Braves-Mets today, weather permitting, and then I've got a flight home tonight. The next time I'm scheduled to see a ballgame is the MLB season opener, Yankees at Red Sox on April 4.
I'll watch as much Grapefruit and Cactus League action as I can on (in alphabetical order, to avoid a suckup agenda) the MLB Network, SNY and YES, but there's nothing quite like being at a game in person. Even for a professed non-scout like myself, you still pick up on some subtleties, and more important, you get to talk to the players, officials, actual scouts and other people hanging around.
Here are eight players I wish I could see in person this spring. They are presented in the order I thought of them:
1. Stephen Strasburg. He's scheduled to make his Grapefruit League debut on March 9. The Phenom is sure to draw a crowd, even in sleepy Viera.
2. David Ortiz. I spoke with a Yankees official recently about the Red Sox recently, and I said, "I guess the key is whether Ortiz can be the old Big Papi." The official said, "Wasn't he pretty much that guy in the second half?" Sort of, although he still fell short of his career averages in OBP and SLG. But if Ortiz can carry a .350 OBP and .516 SLG through the season, then that'll do. It sounds like Ortiz is enthusiastic about defying his critics.
3. Manny Ramirez. Meanwhile, Ortiz's old pal didn't look the same last year after returning from his suspension for illegal performance-enhancing drug usage. Like Ortiz, Manny is in his walk year, playing for a new deal. Will that produce a bounce, or is Manny fading fast? We, and the Dodgers, will look for clues.
4. Ben Sheets. The A's paid $10 million to a guy who didn't throw a pitch last year, and whose rehabilitation (from elbow surgery) wasn't even managed by a team, since Sheets didn't draw a salary from anyone. Since he's going to be all about getting through the year healthy, it'll be interesting to see what he looks like this early.
5. Hideki Matsui. The Angels signed him with the idea that Matsui would help in the outfield, an idea that Matsui himself embraces. But Brian Cashman said, repeatedly and unequivocally this past winter, that he didn't think Matsui and his bad knees could handle any outfield play at all. Let's see if he gets out there this month. BTW, I enjoyed reading about how the Angels are adjusting to the huge media contingent that follows Matsui. Yankees camp definitely felt quieter without Matsui's group.
6. Brandon Webb. He's coming off shoulder surgery, after starting Opening Day for the Diamondbacks last year and then not pitching again. For Arizona to have a chance in the very winnable National League West, Webb will have to be very good, at the least, again.
7. Mike Stanton. The word on this young Marlins outfielder, who will very likely start the season in the minor leagues, is impressive. And besides, there's always that extra note of amusement when a player has the same name as a former player. It's like when the dean from "Back to School" was named "Dean Martin."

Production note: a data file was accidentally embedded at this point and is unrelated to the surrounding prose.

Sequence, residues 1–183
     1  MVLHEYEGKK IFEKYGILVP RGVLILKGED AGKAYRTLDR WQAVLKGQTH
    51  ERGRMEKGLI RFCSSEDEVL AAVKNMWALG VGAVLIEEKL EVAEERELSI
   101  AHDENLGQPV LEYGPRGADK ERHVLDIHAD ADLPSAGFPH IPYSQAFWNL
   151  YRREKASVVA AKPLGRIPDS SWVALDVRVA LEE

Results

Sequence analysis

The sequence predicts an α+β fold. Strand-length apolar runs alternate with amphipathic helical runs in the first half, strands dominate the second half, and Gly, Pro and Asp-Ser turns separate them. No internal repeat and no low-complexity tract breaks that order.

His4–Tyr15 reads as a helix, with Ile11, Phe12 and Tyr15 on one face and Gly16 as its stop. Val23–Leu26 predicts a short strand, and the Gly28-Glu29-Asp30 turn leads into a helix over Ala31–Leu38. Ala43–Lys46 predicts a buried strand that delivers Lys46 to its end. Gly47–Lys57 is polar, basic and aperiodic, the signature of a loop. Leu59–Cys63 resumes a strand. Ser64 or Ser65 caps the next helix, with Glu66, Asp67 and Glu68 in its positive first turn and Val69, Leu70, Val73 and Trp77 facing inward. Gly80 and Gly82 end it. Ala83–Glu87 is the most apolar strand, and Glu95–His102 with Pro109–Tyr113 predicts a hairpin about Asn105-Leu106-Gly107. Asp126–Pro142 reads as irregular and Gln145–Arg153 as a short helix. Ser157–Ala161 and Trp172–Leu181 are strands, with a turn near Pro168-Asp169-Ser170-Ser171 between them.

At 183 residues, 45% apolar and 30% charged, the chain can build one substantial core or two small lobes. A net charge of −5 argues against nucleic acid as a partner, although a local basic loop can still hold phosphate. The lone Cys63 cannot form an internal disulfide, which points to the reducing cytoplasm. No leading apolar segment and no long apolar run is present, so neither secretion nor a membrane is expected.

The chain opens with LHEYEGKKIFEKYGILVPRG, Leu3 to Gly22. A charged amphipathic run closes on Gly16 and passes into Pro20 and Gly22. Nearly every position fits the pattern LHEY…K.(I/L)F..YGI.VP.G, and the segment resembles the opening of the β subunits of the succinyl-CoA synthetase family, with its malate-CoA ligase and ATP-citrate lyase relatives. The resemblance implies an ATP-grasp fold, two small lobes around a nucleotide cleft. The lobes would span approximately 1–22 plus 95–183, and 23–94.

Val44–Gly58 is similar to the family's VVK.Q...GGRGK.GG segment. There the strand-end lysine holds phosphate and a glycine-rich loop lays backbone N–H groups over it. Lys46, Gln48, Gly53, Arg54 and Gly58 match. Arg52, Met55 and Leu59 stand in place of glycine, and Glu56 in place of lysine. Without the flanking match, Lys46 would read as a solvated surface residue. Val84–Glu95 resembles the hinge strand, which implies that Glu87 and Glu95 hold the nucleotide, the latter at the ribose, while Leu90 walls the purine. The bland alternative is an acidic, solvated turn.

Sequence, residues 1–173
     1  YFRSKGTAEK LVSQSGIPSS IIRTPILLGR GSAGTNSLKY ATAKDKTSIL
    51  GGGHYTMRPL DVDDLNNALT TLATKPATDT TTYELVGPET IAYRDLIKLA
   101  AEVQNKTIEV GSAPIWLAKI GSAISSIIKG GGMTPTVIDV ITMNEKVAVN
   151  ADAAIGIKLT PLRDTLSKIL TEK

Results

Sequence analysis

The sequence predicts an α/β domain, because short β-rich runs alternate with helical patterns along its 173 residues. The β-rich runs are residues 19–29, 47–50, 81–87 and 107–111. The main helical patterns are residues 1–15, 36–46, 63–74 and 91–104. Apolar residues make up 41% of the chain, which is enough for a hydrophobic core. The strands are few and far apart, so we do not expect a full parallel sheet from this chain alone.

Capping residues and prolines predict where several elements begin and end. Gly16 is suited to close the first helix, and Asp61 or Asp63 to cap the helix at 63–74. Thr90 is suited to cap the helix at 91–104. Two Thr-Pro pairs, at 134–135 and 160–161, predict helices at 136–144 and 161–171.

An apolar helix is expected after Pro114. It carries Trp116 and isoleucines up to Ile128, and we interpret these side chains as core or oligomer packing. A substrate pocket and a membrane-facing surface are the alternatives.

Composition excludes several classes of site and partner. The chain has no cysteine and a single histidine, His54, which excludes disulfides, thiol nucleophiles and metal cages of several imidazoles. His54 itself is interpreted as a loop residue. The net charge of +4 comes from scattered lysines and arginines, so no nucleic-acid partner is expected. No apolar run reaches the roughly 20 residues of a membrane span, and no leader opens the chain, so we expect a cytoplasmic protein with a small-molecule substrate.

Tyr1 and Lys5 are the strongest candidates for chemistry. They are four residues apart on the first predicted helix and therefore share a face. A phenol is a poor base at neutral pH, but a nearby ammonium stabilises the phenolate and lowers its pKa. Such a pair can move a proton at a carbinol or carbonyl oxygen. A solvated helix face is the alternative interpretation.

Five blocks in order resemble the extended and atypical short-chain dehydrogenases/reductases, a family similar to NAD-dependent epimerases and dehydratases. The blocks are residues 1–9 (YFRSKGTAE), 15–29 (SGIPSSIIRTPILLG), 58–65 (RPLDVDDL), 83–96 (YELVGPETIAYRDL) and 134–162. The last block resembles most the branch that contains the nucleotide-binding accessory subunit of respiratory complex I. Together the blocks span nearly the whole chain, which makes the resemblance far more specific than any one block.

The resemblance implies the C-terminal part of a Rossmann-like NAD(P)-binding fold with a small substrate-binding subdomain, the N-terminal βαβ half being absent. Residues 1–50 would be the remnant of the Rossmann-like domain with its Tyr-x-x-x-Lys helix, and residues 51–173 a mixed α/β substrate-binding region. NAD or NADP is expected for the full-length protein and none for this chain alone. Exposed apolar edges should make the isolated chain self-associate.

8. Mike Lowell. The Red Sox are now speaking like they'll just keep Lowell, as a righty complement to Ortiz, after they tried to trade him to Texas over the winter. It makes some sense, in that Boston would probably have to pay all or most of Lowell's $12 million salary to ship him out of town, but surely other teams will be scouting him.
--Here at Mets camp, I wrote my column on Jon Niese. The Mets clearly do not have enough starting pitching, but it will be interesting to monitor their rotation this spring, because all of their pitchers do at least have the potential to be pretty good.
--Joel Sherman thinks the Mets are erring by hitting Jose Reyes third.
--Remember John Harper's column from yesterday, about Tony Bernazard creating the mandate the Mets hitters go the opposite field? John Walsh of The Hardball Times confirmed that many Mets players did indeed increase the amount of time they went the other way. Hat tip to Rob Neyer for helping me find this.
--As for this A-Rod situation...look, of course it's a big story. It's A-Rod, and he's getting questioned by the Feds. It's even more interesting because the Yankees were clearly taken aback by this development.
Now, having said that, can we please stop with the gloom and doom? Barry Bonds is still a free man, as is Roger Clemens. Miguel Tejada received the tiniest penalty for misleading Congressional investigators. The odds, based on both history and what we know (admittedly little) about this specific case, are that A-Rod won't be impacted legally by this endeavor.
--In a tangential item, from Twitter, I saw this Deadspin post, which linked to this Joe Posnanski take on Willie Mays and legendary writer Pete Hamill. Can we please, pretty please, stop with the idea that baseball was a more "pure" game back in the day? Or that the record book was "clean" until Mark McGwire came along? Geez Louise.
--Funny story here about Chipper Jones and ESPN broadcaster Jon "Boog" Sciambi (who used to be a Braves broadcaster), which involves statistical analysis.